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The Honolulu Advertiser
Posted on: Tuesday, February 7, 2006

PARENT POWER
Kids must pay attention to parents, not vice versa

By John Rosemond

By the time a child is 3, he has come to one of two conclusions concerning his parents:

  • Conclusion 1: It's my job to pay attention to my parents.

  • Conclusion 2: It's my parents' job to pay attention to me.

    A 3-year-old who reaches Conclusion 1 can be successfully disciplined. And his discipline will be relatively easy.

    A child who reaches Conclusion 2 can be neither successfully nor easily disciplined. That's because the discipline of a child rests primarily on whether he is paying attention to his parents, and it is a fact that a child will not pay sufficient attention to parents who act like it is their job to pay as much attention as they can to him.

    The child who reaches Conclusion 2 has acquired, by 3, an attention deficit. Not one caused by a chemical imbalance or some malfunction in his brain. This attention deficit was caused by well-meaning parents who think good parents pay as much attention as they can to their kids; that the more attention one pays one's child, the better a parent one is. That is, after all, the prevailing belief, and has been since the late 1960s, when the newly emerging professional parenting class people like me, with capital letters after their names claimed that a child's psychological health was a function of how much positive attention he received from his parents.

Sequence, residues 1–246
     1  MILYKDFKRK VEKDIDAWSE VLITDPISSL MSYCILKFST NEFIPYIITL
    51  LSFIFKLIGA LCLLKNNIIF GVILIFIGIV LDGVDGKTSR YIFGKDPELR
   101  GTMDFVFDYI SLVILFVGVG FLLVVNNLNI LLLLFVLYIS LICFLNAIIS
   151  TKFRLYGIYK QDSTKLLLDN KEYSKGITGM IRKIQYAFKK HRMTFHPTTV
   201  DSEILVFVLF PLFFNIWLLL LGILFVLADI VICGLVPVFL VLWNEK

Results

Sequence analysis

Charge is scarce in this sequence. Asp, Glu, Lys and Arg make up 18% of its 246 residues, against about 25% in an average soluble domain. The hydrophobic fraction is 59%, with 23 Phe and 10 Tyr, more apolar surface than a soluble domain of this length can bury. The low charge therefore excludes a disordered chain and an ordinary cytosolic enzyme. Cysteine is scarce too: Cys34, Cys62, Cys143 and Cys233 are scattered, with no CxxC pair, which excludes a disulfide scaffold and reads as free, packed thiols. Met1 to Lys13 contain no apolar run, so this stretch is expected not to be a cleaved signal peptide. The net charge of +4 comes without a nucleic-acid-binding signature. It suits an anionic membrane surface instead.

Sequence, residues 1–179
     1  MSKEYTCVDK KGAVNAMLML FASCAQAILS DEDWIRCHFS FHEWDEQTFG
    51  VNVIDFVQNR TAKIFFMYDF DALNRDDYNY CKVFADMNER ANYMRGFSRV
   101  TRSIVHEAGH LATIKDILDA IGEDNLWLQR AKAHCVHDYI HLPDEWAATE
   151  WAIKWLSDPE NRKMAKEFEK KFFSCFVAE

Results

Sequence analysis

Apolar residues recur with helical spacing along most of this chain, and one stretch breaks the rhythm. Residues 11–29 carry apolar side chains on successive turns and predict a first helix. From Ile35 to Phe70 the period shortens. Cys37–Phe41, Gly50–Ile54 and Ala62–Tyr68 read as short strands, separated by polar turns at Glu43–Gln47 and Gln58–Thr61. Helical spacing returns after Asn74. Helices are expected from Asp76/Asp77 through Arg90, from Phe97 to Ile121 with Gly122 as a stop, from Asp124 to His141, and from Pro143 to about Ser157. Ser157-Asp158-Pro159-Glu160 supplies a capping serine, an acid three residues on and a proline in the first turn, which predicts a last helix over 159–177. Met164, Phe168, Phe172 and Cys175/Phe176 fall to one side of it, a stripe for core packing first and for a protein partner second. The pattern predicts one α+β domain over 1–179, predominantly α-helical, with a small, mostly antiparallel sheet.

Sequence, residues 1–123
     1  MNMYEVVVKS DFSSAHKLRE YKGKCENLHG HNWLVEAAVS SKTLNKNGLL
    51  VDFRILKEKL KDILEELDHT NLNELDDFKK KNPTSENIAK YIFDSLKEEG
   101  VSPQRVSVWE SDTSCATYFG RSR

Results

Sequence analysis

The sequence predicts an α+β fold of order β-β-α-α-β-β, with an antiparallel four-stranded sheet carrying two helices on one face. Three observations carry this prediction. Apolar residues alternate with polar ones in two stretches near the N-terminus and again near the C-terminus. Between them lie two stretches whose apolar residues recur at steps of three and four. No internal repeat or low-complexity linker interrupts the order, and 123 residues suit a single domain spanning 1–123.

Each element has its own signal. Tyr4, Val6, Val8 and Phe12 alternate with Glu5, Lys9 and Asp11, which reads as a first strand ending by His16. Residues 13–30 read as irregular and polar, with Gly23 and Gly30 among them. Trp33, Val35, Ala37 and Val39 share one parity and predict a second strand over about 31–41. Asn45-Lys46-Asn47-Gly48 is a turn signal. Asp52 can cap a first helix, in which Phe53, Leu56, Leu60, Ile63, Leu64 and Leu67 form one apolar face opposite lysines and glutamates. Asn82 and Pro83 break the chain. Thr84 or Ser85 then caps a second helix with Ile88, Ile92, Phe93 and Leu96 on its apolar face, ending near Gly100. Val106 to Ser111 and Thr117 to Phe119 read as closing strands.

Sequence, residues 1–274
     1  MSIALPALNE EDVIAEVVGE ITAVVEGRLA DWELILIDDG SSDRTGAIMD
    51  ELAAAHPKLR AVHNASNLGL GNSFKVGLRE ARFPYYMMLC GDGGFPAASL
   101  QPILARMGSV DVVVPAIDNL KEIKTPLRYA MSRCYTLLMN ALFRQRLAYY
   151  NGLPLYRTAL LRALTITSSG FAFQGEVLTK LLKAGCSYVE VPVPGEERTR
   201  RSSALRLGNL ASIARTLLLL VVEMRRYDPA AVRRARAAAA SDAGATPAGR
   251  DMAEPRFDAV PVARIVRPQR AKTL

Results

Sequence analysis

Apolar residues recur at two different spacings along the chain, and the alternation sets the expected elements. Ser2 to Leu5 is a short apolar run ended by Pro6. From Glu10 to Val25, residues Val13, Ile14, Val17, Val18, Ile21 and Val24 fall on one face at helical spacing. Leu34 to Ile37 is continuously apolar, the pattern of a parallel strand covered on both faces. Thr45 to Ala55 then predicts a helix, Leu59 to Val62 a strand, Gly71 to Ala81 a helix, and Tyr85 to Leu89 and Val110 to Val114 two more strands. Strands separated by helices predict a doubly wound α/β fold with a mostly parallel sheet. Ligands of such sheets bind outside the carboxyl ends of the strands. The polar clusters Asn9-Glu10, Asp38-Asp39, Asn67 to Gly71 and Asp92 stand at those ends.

For several years after graduate school, I was one of several psychologists who staffed a hot-line that parents could call to receive parenting advice from a real, live "expert." The typical caller was a mother at the end of her rope about something. It was our job to first calm her down and then offer advice on how to solve the problem. It slowly dawned on me that every person on staff was saying the same thing: The problem, whatever it was, was the child's way of communicating that he or she wasn't getting enough attention. The prescription, therefore, was also the same: The parents needed to find more ways to give the child positive attention, to "catch him being good."

    I also began to realize that the same parents kept calling over and over again. They'd assure us they were following our instructions, but the problems kept getting worse. So we'd say, "You're not being consistent enough" or "You're still giving negative attention, and the negative is canceling the positive" or something equally trendy and insipid.

    I slowly came to the conclusion that too much attention creates as many problems as too little. I came to the further, admittedly radical, conclusion that past toddlerhood, children do not need much attention at all. They need supervision from parents who know where they are, what they're doing, and who they're with. Indeed, children need a certain amount of direct, one-on-one attention, but where the giving of attention to a child is concerned, one quickly reaches the point of diminishing returns. That's where Conclusion 2 kicks in.

    Family psychologist John Rosemond answers parents' questions at www.rosemond.com.